VANISHED: US Dentist Wanted In Zimbabwe For Killing Cecil The Lion Can’t...

VANISHED: US Dentist Wanted In Zimbabwe For Killing Cecil The Lion Can’t Be Found

By Wires | The Trent on July 31, 2015
Rihanna's BBHMM Video | Screengrab from YouTube
Found skinned and headless: Cecil the Lion (Screengrab from YouTube)

The U.S. Fish and Wildlife Service wants to talk to Walter Palmer. But it can’t find him.

Investigators for the service have knocked on the front door of Palmer’s house, stopped by his dental office, called his telephone numbers and filled his inbox with e-mails. Palmer, a hunting enthusiast who is accused of illegally killing a rare African lion in Zimbabwe early this month, couldn’t be lured out of hiding.

“I’m sure he knows” the government is looking for him, Ed Grace, chief of law enforcement for the U.S. Fish and Wildlife Service, told The Washington Post on Thursday. “We’ve made repeated attempts to try and get in contact with him.”

If and when he’s found, Palmer could face an extradition request from officials in Zimbabwe, who have signaled a request to pursue one.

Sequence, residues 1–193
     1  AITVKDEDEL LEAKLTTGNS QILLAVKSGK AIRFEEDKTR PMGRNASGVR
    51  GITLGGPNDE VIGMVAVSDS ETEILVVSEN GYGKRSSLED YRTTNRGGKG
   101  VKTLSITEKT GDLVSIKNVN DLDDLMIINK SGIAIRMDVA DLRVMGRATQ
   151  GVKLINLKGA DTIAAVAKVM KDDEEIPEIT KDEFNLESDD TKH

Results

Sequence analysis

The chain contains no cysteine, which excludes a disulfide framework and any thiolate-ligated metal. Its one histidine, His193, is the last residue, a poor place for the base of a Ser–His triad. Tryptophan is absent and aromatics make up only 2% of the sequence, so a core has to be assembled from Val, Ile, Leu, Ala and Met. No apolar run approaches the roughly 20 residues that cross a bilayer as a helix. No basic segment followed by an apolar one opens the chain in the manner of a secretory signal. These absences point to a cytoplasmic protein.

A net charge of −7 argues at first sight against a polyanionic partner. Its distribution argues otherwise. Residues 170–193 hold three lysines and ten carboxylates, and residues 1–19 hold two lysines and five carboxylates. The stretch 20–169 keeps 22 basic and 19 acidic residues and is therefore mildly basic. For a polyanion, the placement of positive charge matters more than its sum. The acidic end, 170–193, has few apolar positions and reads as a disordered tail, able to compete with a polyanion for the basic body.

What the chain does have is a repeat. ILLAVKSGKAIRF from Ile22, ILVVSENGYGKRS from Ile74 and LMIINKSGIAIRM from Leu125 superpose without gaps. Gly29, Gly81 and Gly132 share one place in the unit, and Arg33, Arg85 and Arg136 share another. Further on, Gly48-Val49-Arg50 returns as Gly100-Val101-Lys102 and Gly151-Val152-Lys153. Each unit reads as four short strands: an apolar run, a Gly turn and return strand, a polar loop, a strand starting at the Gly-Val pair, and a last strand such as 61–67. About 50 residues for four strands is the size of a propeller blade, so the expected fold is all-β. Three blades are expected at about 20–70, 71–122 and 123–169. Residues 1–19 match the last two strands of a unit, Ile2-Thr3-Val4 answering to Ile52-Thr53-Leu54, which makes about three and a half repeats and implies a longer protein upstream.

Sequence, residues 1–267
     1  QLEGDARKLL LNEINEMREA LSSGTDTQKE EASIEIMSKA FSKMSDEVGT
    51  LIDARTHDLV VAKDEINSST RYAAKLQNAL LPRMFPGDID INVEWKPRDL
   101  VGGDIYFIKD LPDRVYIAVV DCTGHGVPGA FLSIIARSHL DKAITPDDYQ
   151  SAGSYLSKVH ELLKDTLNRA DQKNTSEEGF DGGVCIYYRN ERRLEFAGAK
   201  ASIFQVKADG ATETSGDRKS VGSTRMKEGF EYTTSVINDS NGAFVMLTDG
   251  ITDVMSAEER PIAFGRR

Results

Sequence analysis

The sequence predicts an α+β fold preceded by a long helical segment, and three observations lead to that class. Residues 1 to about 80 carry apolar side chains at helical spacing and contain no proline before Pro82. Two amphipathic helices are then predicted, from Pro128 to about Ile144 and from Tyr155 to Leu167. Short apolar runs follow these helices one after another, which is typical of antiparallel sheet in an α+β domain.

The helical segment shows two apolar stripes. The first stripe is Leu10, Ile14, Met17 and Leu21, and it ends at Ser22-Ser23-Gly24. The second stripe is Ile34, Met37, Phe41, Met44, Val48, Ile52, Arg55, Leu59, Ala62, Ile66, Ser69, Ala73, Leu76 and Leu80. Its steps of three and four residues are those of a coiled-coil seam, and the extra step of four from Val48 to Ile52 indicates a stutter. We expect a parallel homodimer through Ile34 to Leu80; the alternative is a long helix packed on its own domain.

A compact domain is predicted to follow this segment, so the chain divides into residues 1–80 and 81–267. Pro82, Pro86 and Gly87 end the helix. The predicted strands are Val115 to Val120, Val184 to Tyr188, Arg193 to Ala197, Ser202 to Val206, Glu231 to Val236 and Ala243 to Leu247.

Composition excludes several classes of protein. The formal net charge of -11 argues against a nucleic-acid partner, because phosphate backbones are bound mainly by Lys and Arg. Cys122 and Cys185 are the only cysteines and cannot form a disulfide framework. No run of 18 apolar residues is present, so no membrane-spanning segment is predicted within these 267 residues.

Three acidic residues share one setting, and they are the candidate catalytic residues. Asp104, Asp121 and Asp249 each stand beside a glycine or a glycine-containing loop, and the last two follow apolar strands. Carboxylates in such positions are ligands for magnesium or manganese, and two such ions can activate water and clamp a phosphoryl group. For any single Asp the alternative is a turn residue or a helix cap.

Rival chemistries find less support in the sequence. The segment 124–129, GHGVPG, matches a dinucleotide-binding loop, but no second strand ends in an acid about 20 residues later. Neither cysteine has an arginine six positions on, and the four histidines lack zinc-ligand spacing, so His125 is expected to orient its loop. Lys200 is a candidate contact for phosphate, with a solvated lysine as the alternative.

“We are appealing to the responsible authorities for his extradition to Zimbabwe so that he can be held accountable for his illegal action,” Zimbabwe’s environment minister Oppah Muchinguri said at a news conference on Friday, according to Reuters.

As of Friday morning, U.S. officials said they had not received an official extradition request.

Muchinguri said Palmer slipped away before government officials realized what had happened to the country’s most famous lion.

“It was too late to apprehend the foreign poacher because he had already absconded to his country of origin,” Muchinguri said, according to Reuters.

Palmer, a dentist in Minnesota, has fallen off the radar since Tuesday, when reports first surfaced identifying him as the hunter of Cecil the lion, a celebrity in Zimbabwe. In one of his only public statements, Palmer said Tuesday “I deeply regret” killing “a known, local favorite” and that he relied on local guides. He said he was led to believe the hunt was legal.

“I have not been contacted by authorities in Zimbabwe or in the U.S. about this situation, but will assist them in any inquiries they may have,” Palmer said at the time.

(via Washington Post)


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